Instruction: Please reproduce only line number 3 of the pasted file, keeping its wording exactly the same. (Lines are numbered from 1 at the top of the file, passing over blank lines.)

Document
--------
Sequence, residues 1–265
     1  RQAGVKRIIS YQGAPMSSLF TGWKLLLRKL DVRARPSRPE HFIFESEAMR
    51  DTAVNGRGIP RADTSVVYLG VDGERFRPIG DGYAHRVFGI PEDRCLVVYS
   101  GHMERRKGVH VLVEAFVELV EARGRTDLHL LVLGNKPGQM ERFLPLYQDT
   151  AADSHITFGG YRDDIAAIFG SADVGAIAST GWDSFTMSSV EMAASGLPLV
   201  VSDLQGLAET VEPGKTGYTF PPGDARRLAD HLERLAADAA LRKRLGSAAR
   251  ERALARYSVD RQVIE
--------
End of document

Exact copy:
    51  DTAVNGRGIP RADTSVVYLG VDGERFRPIG DGYAHRVFGI PEDRCLVVYS